Bringing back his smile

Eric Kent has volunteered at the South Carolina Aquarium for 16 years and given more than 3,100 hours of service. Kent rides the bus from his Summerville home to the Aquarium.

Eric Kent doesn’t own a car so he takes the bus from Summerville every Thursday morning to volunteer for a half day at the South Carolina Aquarium.

He’s been volunteering there for nearly 16 years since the Aquarium first opened in 2000.

“I’ve always loved oceans and wildlife,” the 39-year-old native Upstate New Yorker said.

He leads tours and walks around the Aquarium answering questions. Kent’s favorite exhibit is the salt marsh room on the third floor, which is meant to mimic a kayak ride along a local tidal creek.

“I’m also a reptile handler,” he said. “I’m one of the ones that carries around the snakes and lets people interact with them.”

Aquarium staff estimate that Kent, who also works part-time at Kohl’s in Summerville, has logged more than 3,100 volunteer hours over the years.

“He sets the bar,” said Paul Nunez, the Aquarium’s human resources director.

And all this is just to say that Nunez, and his colleague Charmaine Wozniak, recently decided that they wanted to help bring Kent’s smile back.

After a decade of dental neglect, most of Kent’s decayed teeth are falling out. But he has no dental insurance, and no easy way to find — or drive himself to — a dentist.

Wozniak, the Aquarium’s volunteer services manager, arranged a free consultation for Kent at Gentle Family Dentistry in Mount Pleasant. Nunez drove him there.

“We wanted to do something great for Eric because he’s always ... been there for us,” Nunez said. “We wanted to return the favor and do something good for him.”

Kent isn’t the only South Carolina adult guilty of neglecting his teeth. The federal Centers for Disease Control and Prevention estimate that less than 60 percent of adults in this state have seen a dentist in the past year.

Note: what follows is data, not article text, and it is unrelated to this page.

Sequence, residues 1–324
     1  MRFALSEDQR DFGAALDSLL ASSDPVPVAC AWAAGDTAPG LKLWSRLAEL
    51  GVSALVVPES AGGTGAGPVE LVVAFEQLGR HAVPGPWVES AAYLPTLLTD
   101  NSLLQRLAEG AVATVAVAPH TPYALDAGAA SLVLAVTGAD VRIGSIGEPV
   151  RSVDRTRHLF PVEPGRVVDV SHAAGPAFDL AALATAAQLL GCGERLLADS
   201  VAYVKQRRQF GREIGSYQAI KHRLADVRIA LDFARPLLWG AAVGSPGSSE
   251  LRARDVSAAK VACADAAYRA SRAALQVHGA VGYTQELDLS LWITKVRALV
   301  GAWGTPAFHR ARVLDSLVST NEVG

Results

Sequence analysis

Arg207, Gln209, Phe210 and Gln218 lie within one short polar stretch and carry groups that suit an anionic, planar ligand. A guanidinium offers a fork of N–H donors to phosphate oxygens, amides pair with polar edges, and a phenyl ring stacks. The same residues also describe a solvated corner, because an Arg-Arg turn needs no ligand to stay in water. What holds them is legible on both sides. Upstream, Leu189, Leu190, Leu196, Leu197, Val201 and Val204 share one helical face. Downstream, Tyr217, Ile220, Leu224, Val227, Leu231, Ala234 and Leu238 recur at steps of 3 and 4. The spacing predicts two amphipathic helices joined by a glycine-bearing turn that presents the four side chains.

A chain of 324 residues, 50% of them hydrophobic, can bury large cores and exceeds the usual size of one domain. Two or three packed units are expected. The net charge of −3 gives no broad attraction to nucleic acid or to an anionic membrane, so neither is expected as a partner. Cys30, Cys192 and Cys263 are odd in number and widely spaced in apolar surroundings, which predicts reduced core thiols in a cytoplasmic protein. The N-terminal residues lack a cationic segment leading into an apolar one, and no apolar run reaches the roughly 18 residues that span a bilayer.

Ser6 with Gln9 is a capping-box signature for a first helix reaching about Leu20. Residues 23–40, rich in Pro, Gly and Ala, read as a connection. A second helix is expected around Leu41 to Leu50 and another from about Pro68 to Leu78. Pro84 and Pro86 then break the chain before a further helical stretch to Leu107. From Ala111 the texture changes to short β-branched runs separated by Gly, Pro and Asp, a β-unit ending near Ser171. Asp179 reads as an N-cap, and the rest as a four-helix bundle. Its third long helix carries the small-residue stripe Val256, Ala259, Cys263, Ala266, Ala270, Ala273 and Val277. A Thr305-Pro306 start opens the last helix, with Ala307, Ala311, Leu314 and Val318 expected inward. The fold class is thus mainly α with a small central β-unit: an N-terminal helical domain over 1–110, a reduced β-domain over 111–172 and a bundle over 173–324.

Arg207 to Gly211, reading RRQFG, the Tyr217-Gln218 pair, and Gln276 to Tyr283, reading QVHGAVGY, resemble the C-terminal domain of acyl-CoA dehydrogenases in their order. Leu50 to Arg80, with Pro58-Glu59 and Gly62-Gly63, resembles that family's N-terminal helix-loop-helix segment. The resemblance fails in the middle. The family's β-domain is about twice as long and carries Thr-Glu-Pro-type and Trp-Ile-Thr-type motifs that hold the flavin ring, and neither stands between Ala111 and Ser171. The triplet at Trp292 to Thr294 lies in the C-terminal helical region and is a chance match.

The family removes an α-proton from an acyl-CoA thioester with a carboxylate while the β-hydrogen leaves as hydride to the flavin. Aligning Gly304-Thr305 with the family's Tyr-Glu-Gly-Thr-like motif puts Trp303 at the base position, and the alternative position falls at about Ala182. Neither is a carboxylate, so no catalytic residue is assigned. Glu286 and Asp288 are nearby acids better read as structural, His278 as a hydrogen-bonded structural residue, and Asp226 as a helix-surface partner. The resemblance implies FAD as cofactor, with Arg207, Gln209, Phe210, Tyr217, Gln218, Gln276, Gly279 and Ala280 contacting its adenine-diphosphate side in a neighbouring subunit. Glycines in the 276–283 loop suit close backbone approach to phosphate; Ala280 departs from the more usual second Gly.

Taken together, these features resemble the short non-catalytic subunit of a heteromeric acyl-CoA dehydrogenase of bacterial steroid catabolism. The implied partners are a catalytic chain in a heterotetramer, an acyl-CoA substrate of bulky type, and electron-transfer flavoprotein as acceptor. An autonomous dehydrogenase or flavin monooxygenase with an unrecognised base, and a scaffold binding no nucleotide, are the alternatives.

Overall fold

But for Kent, one year turned into 10.

Dr. Greg Bottone determined Kent’s mouth requires a complete overhaul: a combination of extractions, implants and dentures, which will cost an estimated $50,000.

Gentle Family Dentistry is donating the work for free. Shelbourne and Associates, a Charleston oral surgery practice, has also agreed to donate their services.

“Dr. Shelbourne is helping us give Eric the Cadillac of care that will last him a lifetime,” Bottone said. “I can’t wait to see Eric smile. We’ll have to have a party.”

Wozniak recently launched a Go Fund Me page to offset the cost of the work that the dentist and oral surgeon are donating. Dozens of strangers and friends have already donated more than $7,000 to Kent’s cause.

“She started it a week ago and it blew up,” Kent said during a recent interview.

Meanwhile, the dental work is ongoing. Bottone has already extracted some of Kent’s teeth. Dr. Shelbourne will remove the remaining teeth and place four new implants on the top and four on the bottom.

In the meantime, Kent keeps volunteering every Thursday. Only once in 16 years has he considered applying for a paid job at the Aquarium. He said working there for money would probably take the joy out of it.

“I’m really grateful for the Aquarium,” he said.

Reach Lauren Sausser at 843-937-5598.